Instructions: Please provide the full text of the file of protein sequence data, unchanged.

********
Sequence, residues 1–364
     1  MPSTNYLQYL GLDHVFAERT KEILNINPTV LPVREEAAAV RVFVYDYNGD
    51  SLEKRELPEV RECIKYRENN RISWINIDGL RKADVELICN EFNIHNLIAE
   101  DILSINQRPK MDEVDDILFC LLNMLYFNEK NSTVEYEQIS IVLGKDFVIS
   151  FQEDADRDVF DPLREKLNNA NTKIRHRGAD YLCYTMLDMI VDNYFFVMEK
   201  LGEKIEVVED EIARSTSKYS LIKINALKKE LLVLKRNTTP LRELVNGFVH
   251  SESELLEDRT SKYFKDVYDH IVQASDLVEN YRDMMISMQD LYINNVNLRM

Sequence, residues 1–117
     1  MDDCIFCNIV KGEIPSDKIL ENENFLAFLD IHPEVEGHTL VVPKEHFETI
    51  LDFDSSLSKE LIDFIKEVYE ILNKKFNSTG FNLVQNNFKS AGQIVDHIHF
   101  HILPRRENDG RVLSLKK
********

Sequence, residues 1–364
     1  MPSTNYLQYL GLDHVFAERT KEILNINPTV LPVREEAAAV RVFVYDYNGD
    51  SLEKRELPEV RECIKYRENN RISWINIDGL RKADVELICN EFNIHNLIAE
   101  DILSINQRPK MDEVDDILFC LLNMLYFNEK NSTVEYEQIS IVLGKDFVIS
   151  FQEDADRDVF DPLREKLNNA NTKIRHRGAD YLCYTMLDMI VDNYFFVMEK
   201  LGEKIEVVED EIARSTSKYS LIKINALKKE LLVLKRNTTP LRELVNGFVH
   251  SESELLEDRT SKYFKDVYDH IVQASDLVEN YRDMMISMQD LYINNVNLRM

Sequence, residues 1–117
     1  MDDCIFCNIV KGEIPSDKIL ENENFLAFLD IHPEVEGHTL VVPKEHFETI
    51  LDFDSSLSKE LIDFIKEVYE ILNKKFNSTG FNLVQNNFKS AGQIVDHIHF
   101  HILPRRENDG RVLSLKK